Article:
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Megh's Blog

Force Inline in C++

Non-inlined function calls can be expensive. The compiler would not treat the body of the caller and the callee in the same basic block and thus not be able to apply certain optimizations. This is not an issue as the compiler does a pretty good job at inlining mostly, but if you are calling a function in a big loop you might want to ensure that the compiler always inlines it. inline, always_inline and forceinline are just hints. They dont always inline [1] [2].

Example of some libraries that do these mesa, fastfloat

Trust the compiler some say. Profile your code say the others. Use macros say the old and wise.

But what if you are developing a library and need to ensure that your method gets inlined? You cant say trust the compiler, because the users want to trust your library. You cant profile the code, because the application isn't your code.

We want a FORCE_INLINE keyword that just works, at least on the three major compilers - g++, clang and msvc. If it cant inline, it should error in a meaningful way.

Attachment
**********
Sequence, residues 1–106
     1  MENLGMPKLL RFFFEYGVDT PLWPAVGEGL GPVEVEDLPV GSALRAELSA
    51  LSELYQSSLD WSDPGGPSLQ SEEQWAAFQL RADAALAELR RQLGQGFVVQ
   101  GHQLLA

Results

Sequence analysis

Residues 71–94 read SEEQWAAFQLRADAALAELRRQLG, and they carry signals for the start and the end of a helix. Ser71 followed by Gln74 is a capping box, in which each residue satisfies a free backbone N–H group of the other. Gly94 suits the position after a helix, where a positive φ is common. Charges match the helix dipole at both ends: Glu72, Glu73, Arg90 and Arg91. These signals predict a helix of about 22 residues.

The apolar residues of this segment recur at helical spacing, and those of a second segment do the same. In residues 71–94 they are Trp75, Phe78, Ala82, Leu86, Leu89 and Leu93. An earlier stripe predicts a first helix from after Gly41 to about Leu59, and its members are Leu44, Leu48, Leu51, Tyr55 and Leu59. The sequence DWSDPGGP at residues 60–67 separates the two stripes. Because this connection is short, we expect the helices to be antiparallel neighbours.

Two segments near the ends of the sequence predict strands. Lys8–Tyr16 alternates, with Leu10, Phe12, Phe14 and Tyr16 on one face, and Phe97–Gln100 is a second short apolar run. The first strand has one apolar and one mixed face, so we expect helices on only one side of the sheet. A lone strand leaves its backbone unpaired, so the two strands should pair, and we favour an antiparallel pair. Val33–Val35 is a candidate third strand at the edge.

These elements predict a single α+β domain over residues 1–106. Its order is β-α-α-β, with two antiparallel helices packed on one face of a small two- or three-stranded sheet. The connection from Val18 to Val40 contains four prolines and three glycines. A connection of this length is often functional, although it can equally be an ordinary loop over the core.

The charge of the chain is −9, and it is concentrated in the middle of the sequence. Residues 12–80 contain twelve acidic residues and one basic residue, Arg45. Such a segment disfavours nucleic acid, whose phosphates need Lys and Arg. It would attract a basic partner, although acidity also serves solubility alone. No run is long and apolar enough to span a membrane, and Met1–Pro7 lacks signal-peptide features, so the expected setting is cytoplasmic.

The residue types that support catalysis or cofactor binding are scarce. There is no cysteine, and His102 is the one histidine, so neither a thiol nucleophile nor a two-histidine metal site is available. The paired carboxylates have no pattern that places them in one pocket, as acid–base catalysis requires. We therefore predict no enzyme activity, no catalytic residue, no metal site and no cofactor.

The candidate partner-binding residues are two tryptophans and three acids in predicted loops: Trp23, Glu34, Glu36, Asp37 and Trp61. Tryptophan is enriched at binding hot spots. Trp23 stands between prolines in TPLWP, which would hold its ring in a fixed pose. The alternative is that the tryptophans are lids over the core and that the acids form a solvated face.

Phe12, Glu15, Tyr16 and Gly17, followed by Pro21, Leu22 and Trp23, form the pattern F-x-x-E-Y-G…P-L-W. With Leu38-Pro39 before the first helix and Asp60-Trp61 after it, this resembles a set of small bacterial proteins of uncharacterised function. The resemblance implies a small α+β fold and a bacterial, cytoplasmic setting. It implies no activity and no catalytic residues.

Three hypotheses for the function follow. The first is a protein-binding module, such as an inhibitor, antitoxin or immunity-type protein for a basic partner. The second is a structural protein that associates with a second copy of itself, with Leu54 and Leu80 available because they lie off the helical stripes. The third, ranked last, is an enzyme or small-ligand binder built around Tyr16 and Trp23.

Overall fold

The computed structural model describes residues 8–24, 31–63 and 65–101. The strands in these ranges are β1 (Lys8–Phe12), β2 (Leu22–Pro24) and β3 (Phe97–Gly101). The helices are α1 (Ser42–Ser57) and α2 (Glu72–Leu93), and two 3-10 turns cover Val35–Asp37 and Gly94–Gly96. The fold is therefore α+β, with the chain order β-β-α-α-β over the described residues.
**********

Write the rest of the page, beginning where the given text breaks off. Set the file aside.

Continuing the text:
The example:

int decrement(int x) { return x - 1; }
int factorial(int x) { return (x == 0) ? 1 : x * factorial(x - 1); }

Putting our FORCE_INLINE keyword in front of decrement should inline.

It should either compile-time error or link-time error if put it in front of factorial (as the recursion depth / input argument is not known at compile-time).

#if defined(__clang__)
#define FORCE_INLINE [[gnu::always_inline]] [[gnu::gnu_inline]] extern inline

#elif defined(__GNUC__)
#define FORCE_INLINE [[gnu::always_inline]] inline

#elif defined(_MSC_VER)
#pragma warning(error: 4714)
#define FORCE_INLINE __forceinline

#error Unsupported compiler

Note the link-error / clang linker error part is a bit shady and most people would not want to adopt it unless working in somewhat close collaboration. You can remove the [[gnu::gnu_inline]] extern part.

Now lets check it in action:

Compiler Working case Error case Error type
Clang clang_working clang_error Linker error
GCC gcc_working gcc_error Compile error
MSVC msvc_working msvc_error Compile error (requires optimization flag)

How it works:

Note: do not use this with virtual functions. You can't "force inline" them as they need to be pointed to at runtime.

GCC summarizes this as "An Inline Function is As Fast As a Macro" [5:1]. Zig provides something similar as its callconv(.Inline)

Thus we can and should build syntactic sugar as functions instead of weird macros. Without any worries of performance.

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